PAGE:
Sunshine Coast Natural Resource District Fuel Management Treatment Project – Cranberry Lake

An operational fuel management treatment involving a thin-from-below approach will start this winter in several treatment units, amounting to 22.5 hectares adjacent to the Cranberry Lake residential area.


Removing excess fuel is expected to reduce overall wildfire occurrence, severity and spread, preventing wildfire spreading into the tops of trees, and permit better access for crews responding to a potential wildfire in this area.


A shaded fuel break will be developed as part of this treatment to reduce the risk of wildfire and improve forest resilience. The fuel break will provide an area that will reduce flame lengths and the rate of spread of wildfires approaching the community and surrounding properties. During the development of this fuel break, some dense small stemmed trees will be removed to reduce the overall fuel load in the forest, while retaining enough canopy to shade the ground and prevent future understorey overgrowth.


Crews will remove danger trees, heavy undergrowth, and prune lower branches of remaining trees up to 2 meters. If merchantable timber is produced during this process, it will be decked and sold to offset the costs of this treatment. In areas where high levels of remaining material is anticipated to occur, it will be chipped and removed off site. Remaining material in other areas will be placed in piles no larger than 2 meters tall and 3 meters wide, in locations that will not damage the remaining stand.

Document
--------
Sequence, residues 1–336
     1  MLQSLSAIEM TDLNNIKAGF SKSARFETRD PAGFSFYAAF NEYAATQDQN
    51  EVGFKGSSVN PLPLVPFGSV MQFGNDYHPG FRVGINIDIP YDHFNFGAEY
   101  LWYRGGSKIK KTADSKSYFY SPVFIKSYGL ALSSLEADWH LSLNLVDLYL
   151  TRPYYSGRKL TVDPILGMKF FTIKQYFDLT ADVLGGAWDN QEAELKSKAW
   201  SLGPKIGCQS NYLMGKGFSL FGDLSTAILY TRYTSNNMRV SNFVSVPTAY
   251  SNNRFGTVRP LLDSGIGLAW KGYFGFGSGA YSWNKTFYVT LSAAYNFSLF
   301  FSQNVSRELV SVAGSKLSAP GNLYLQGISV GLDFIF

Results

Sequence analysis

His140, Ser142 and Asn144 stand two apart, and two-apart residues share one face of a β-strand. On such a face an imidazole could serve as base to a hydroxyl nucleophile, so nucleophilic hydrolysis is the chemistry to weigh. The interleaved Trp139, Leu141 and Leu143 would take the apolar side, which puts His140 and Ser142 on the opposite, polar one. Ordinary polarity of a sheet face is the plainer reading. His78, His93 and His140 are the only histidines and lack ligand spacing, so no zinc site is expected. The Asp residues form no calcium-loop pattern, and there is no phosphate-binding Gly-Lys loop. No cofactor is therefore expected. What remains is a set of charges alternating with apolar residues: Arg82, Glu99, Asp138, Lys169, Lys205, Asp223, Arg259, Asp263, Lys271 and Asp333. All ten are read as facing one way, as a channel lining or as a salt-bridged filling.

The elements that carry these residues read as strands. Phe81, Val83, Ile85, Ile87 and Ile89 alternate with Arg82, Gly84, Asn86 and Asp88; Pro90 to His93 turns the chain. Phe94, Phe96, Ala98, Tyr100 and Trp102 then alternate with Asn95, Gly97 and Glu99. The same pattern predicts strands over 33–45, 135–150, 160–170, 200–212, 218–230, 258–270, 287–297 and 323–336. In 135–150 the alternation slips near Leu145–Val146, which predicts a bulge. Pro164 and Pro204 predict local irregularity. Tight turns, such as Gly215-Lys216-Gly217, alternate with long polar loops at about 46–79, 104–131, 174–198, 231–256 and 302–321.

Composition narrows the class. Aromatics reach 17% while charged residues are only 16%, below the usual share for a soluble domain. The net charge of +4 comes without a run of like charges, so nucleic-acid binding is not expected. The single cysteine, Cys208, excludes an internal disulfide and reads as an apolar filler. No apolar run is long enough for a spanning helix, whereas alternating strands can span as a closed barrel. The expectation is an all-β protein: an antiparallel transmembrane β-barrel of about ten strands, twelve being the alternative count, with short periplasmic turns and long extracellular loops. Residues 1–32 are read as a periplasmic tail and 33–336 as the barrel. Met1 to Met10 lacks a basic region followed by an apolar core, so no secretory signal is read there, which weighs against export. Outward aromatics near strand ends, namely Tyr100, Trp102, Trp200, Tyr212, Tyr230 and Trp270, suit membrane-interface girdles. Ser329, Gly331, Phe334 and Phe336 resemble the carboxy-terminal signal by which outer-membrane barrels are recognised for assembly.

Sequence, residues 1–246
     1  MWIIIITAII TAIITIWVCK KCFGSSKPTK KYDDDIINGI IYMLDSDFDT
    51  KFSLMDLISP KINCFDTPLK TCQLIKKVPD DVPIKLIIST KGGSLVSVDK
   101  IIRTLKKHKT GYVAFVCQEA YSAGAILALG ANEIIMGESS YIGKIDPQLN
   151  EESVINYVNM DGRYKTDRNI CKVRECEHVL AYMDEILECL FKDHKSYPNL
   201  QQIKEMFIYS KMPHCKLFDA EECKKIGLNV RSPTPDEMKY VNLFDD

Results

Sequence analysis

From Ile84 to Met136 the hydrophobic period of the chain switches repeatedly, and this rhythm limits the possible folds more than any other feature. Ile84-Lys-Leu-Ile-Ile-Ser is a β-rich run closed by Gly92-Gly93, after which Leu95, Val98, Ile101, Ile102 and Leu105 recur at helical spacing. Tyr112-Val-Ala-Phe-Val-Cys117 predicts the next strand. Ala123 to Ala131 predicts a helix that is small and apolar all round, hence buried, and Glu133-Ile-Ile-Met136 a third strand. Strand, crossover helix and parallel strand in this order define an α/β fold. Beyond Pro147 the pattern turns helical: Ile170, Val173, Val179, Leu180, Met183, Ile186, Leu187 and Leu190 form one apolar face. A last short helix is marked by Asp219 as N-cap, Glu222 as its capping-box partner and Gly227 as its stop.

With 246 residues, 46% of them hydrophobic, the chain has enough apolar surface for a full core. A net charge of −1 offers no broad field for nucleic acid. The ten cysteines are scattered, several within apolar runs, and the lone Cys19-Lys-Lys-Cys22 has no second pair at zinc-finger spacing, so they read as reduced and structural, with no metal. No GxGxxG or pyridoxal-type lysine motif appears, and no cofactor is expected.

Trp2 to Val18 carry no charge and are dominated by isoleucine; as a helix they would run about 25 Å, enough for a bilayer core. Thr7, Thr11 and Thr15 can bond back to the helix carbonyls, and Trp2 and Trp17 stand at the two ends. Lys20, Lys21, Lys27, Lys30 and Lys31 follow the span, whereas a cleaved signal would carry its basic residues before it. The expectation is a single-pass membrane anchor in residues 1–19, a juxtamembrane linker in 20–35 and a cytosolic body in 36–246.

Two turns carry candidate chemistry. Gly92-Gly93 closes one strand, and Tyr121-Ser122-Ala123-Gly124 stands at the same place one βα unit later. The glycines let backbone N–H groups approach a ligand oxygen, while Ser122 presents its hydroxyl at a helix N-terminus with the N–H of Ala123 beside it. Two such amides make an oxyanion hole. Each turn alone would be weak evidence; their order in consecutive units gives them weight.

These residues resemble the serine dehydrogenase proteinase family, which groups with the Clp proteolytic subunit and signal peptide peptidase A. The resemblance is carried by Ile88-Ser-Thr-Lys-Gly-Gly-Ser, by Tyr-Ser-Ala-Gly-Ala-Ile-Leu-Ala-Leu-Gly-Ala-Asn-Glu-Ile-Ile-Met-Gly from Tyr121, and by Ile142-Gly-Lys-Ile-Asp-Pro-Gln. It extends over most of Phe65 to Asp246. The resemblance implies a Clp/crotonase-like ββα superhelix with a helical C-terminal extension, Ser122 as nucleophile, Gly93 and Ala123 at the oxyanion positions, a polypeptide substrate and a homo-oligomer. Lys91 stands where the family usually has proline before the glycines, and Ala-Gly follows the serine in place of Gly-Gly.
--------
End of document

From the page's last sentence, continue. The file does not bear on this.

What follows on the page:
These piles will be burnt in accordance with the Ministry of Environment’s Open Burning Smoke Control Regulation, if conditions permit in the following fall, winter, and/or spring. Smoke will be visible in the Cranberry Lake residential area when pile burning does occur. This treatment is expected to mitigate the risk of wildfire to the Cranberry Lake community and provide a safer evacuation route for the public if necessary.


For more information about this project, contact:
Whitney Peters, RFT, Land and Resource Coordinator (WRR)
Sunshine Coast District Office
7077 Duncan Street, Powell River BC, V8A1W1
Email: or Telephone: 604-485-0700




Landscape-level fuel treatments play a crucial role in enhancing a neighborhood’s wildfire resilience. In the event of a wildfire a treated forest produces less wind-driven embers that could potentially ignite homes. However, it’s essential to recognize that this is just one aspect of the broader strategy.


FireSmarting your home and yard is equally vital to decrease the risk posed by these embers. Achieving wildfire resilience in neighborhoods requires a shared responsibility. The combination of provincial fuel treatments and FireSmart practices applied to homes and properties within a neighborhood provides firefighters with the best opportunities to defend homes during emergency situations.


By addressing both landscape-level fuel treatments and individual FireSmart measures, we collectively strengthen our community’s ability to withstand and mitigate the impact of wildfires.


For further information, reach out to qRD FireSmart Coordinator Marc Albert at or (604)-414-7839.


View the full notice from the British Columbia Ministry of Forests